LON­DON — Roger Fed­erer’s wait for No. 8 at Wimbledon is over.

He is once again the cham­pion of the grass-court Grand Slam tour­na­ment, now more of­ten than any other man in the his­tory of an event first held in 1877.

Fed­erer won his eighth ti­tle at the All Eng­land Club and 19th ma­jor tro­phy over­all, cap­ping a mar­velous fort­night in which he never dropped a set by over­whelm­ing Marin Cilic 6-3, 6-1, 6-4 on Sun­day in a lop­sided fi­nal that was more coro­na­tion than con­test.

When it ended on an ace from Fed­erer af­ter merely 1 hour, 41 min­utes, he raised both arms over­head. Soon, he was sit­ting on the side­line, wip­ing tears from his eyes.

“I al­ways be­lieved that I could maybe come back and do it again. And if you be­lieve, you can go re­ally, re­ally far in your life, and I did that,” Fed­erer said. “And I’m happy I kept on be­liev­ing and dream­ing and here I am to­day for the eighth. It’s fan­tas­tic.”

His first ma­jor ti­tle came at Wimbledon in 2003, and was fol­lowed by oth­ers in 2004, 2005, 2006 and 2007. He won again in 2009 and 2012. But then he lost fi­nals in 2014 and 2015 to No­vak Djokovic.

The gold tro­phy he was de­nied on those oc­ca­sions was in Fed­erer’s hands Sun­day. He turns 36 on Aug. 8, mak­ing the fa­ther of four the old­est man to win Wimbledon in the Open era. Both of his sets of twins — boys, 3, in their light blue blaz­ers; girls, 7, in their dresses — were in the guest box for the tro­phy cer­e­mony.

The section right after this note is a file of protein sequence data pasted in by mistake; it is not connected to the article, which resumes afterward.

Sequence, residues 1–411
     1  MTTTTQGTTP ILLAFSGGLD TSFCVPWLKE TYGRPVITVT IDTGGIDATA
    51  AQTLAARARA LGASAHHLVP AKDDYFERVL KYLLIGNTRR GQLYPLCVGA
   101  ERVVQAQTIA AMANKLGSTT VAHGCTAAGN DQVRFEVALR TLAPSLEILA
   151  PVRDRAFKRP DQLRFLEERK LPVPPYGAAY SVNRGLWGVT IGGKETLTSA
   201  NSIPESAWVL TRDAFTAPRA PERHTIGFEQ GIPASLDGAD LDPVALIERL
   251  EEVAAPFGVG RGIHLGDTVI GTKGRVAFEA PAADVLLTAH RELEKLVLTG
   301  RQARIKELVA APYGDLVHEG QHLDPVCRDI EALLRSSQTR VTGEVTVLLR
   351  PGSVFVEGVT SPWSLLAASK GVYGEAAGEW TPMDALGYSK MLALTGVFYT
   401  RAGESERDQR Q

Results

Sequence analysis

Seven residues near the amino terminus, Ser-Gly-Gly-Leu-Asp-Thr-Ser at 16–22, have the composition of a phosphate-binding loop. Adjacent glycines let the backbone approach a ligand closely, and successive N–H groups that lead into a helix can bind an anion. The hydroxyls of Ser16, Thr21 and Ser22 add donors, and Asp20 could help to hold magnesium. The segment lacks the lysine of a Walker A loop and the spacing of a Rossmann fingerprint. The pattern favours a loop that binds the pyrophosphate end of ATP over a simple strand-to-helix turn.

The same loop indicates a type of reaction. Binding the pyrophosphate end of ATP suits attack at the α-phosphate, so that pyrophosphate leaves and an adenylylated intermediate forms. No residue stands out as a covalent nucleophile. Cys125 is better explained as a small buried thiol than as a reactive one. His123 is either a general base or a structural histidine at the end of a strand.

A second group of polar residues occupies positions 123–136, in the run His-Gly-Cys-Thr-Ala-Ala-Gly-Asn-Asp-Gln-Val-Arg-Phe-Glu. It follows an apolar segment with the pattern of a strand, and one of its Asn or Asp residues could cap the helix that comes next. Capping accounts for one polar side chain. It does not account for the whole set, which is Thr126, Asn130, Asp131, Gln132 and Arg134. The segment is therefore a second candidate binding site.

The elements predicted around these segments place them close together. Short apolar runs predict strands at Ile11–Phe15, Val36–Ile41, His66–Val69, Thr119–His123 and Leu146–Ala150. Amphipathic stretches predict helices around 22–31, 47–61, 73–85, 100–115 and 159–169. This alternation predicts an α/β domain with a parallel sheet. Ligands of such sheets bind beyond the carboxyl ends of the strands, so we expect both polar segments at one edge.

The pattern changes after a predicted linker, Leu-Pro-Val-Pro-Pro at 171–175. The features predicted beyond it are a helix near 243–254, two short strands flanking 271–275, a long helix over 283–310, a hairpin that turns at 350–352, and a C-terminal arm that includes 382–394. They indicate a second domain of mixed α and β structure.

One son stuck a cou­ple of fin­gers in his mouth; a daugh­ter grabbed her brother’s hand.

“They have no clue what’s on. They think it’s prob­a­bly a nice view and a nice play­ground. But it’s not quite like that here, so one day hope­fully they’ll un­der­stand,” Fed­erer said about his boys.

As for the girls, he said: “They en­joy to watch a lit­tle bit. They come for the fi­nals, I guess.”

When Dad is Roger Fed­erer, you can wait un­til the last Sun­day to show up.

Truly, this out­come was only in doubt for about 20 min­utes, the amount of time it took Fed­erer to grab his first lead.

Cilic said after­ward he de­vel­oped a painful blis­ter on his left foot dur­ing his semi­fi­nal Fri­day, and that af­fected his abil­ity to move prop­erly or sum­mon the in­tim­i­dat­ing serves that car­ried him to his lone Grand Slam ti­tle at the 2014 U.S. Open, where he sur­pris­ingly beat Fed­erer in straight sets in the semi­fi­nals.

Getty Im­ages

HARD TO BE­LIEVE: Roger Fed­erer re­acts af­ter de­feat­ing Marin Cilic on Sun­day for his record eighth Wimbledon crown. It was also his 19th ma­jor ti­tle vic­tory.

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